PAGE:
In 1906 Bítov changed hands again; it was bought by Jan I Count Zamojski for three million Crowns. The Zamojskis were a Polish aristocratic family based in Poland, Russia, and Austria. Jan chose Bítov upon the recommendation of his relatives the Stadnickys from nearby Vranov. The Zamojskis were famous Polish politicians and military leaders. They spent only two years at Bítov, after which the castle went to František prince Radziwill.

The Radziwill princes originated from Lithuania and they were the only princely family in the history of Bítov. Jiří, as a cardinal and bishop of Vilnius and Cracow was one of the candidates for Pope. In 1908 Bítov was taken over by the young prince František, nephew of count Jan Zamojski; he was a well-known conservative politician and leader of the Polish aristocracy. In 1912 František sold Bítov to an Austrian industrialist, Sudeten German Jiří Karel the elder, Baron Haas of Hasenfels.

The castle under Haas rule

The Haases were a family of wealthy farmers from western Bohemia. August Eusebius inherited a porcelain factor in Slavkov nad Ohří. His son Georg the elder studied chemistry at Vienna polytechnic. He took over father’s porcelain factory and together with his cousin Jan Czjzek they established the Haas and Czjzek Corporation in 1867, which became the biggest producer of porcelain in the Austro-Hungarian Empire. The factory specialised mainly in the production of hotel and restaurant tableware, most of which was plain white or modestly decorated. Their luxurious produce was made to represent them at national and world exhibitions or bespoke to order from European celebrities.

In 1899 Georg Haas was ennobled for his business contribution to the empire as “von Hasenfels” and in 1908 he was even promoted to baron, which was supported by the emperor Josef I and cost him 80 thousand Crowns. He bought Bítov for his son, named also Georg, who became the last private owner of the castle (there are still many tales told about him around the castle). The Haas family bought the castle by chance – they saw an advertisement in newspaper that the castle was for sale. Besides the western-Bohemian estates (chateau Mostov), and Bítov, the Haases also owned a famous department store – Haas House on the prestigious Kärntnerstrasse street in Vienna.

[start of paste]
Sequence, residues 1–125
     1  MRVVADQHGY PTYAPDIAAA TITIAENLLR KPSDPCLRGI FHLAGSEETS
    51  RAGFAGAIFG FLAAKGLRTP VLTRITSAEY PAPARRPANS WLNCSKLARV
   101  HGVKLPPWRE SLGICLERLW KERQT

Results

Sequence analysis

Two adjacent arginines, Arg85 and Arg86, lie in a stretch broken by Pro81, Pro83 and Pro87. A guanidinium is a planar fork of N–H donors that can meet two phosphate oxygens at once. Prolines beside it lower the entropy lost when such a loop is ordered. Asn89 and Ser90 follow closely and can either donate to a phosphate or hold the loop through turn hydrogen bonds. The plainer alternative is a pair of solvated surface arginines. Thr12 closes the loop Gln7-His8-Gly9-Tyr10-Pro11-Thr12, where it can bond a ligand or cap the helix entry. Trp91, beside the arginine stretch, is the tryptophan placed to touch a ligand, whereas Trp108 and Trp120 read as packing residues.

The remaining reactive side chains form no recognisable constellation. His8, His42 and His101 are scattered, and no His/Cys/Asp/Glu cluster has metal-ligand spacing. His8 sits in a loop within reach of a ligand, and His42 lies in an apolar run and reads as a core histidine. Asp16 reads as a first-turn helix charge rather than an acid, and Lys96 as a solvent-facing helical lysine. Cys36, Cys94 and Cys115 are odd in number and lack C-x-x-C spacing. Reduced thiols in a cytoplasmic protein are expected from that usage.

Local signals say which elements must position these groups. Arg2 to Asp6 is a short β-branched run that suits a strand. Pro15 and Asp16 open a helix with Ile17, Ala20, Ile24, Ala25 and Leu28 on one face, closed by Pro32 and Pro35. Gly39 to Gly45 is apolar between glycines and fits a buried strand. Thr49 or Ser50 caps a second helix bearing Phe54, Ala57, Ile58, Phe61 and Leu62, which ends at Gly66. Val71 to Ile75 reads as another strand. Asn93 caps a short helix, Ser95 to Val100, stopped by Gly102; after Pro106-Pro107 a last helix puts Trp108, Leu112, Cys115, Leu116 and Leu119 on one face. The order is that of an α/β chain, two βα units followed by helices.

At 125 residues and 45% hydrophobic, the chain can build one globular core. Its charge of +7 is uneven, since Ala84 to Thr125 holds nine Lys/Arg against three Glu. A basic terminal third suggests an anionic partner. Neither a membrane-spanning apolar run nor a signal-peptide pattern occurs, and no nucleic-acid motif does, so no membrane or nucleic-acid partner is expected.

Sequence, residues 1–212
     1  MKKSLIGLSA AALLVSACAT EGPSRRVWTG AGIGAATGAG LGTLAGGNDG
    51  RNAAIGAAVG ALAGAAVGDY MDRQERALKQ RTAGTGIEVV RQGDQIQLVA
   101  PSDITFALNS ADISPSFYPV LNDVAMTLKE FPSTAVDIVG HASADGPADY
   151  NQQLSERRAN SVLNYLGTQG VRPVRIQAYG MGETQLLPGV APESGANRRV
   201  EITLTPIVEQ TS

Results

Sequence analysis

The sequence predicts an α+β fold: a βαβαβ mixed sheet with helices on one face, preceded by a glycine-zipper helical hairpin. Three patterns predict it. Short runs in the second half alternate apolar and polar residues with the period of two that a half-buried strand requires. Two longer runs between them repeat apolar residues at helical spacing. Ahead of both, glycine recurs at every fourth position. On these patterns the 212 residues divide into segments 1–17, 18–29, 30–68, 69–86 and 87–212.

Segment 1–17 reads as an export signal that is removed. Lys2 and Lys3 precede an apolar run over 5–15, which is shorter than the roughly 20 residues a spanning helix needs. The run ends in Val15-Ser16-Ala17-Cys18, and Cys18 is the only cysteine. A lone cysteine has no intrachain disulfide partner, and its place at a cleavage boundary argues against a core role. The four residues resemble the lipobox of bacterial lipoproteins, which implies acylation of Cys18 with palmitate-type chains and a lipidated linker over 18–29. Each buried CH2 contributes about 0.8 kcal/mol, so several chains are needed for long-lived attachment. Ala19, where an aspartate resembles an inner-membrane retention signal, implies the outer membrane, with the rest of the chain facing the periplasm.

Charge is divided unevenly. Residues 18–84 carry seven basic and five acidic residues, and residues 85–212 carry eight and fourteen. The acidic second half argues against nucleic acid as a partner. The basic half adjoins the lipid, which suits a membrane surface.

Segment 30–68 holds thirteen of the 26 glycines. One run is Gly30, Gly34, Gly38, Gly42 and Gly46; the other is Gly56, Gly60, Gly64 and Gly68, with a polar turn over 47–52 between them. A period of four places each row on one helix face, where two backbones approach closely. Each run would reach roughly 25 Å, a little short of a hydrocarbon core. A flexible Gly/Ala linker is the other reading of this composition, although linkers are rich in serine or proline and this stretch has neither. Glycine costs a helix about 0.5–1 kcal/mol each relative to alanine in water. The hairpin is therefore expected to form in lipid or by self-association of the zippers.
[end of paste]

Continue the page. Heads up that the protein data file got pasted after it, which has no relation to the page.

Georg Haas married Olga Danenberg, daughter of a coal-coke magnate from Prussian Konigsberg. Her sister married a Belgian aristocrat Evance II, Baron Copee, whose family eventually became the inheritors of the Haas family.

Son Jiří Julius Haas was to move to the castle as its new owner but the world war intervened and Jiří left to fight at the front. He returned in 1921, aged 35 and a bachelor. At that time he already had had many disputes with his mother who criticised his eccentricity, and the profligacy of an Austrian military officer. This is why his mother did not leave him any property and he only received a regular allowance. The local aristocrats held back from baron Jiří junior, for them he was too new to the aristocracy and moreover of Jewish origin. His behaviour could be characterised by the proverb “The more I know about people, the more I like animals”.

The baron was a keen anti-fascist and a fan of Masaryk. There is a story about the relationship between the first Czechoslovak president and the last owner of the castle, Baron Haas. After the war, his Belgian uncle Copée voted for the establishing of the Czechoslovak Republic in the United Nations, upon which Masaryk was very grateful to him. This came in handy to Haas. In 1918, when aristocratic seats were seized, Haas reminded the president of Copée’s support, as a result of which he lost almost nothing. The second time when the baron approached Masaryk was during the construction of Vranov dam, and the town of Bítov was planned to be flooded. The reason was that the local folk had decided to build New Bítov right in the middle of baron’s beautiful game forest. Haas offered different land instead, but Bítov’s citizens refused and Masaryk was of no help either. Despite that the baron kept Masaryk’s bust in his office during the Second World War. At this difficult time the baron was reportedly under the protection of his mother’s connections. His mother Olga was a typical German noblewoman, who loved hunting, and most of the hunting trophies to be seen on the second floor of the palace were shot by her. At the castle she lived in the rooms of the palace while Jiří lived in the southern wing. There are still some of the furniture pieces that she had in her bedroom and wardrobe.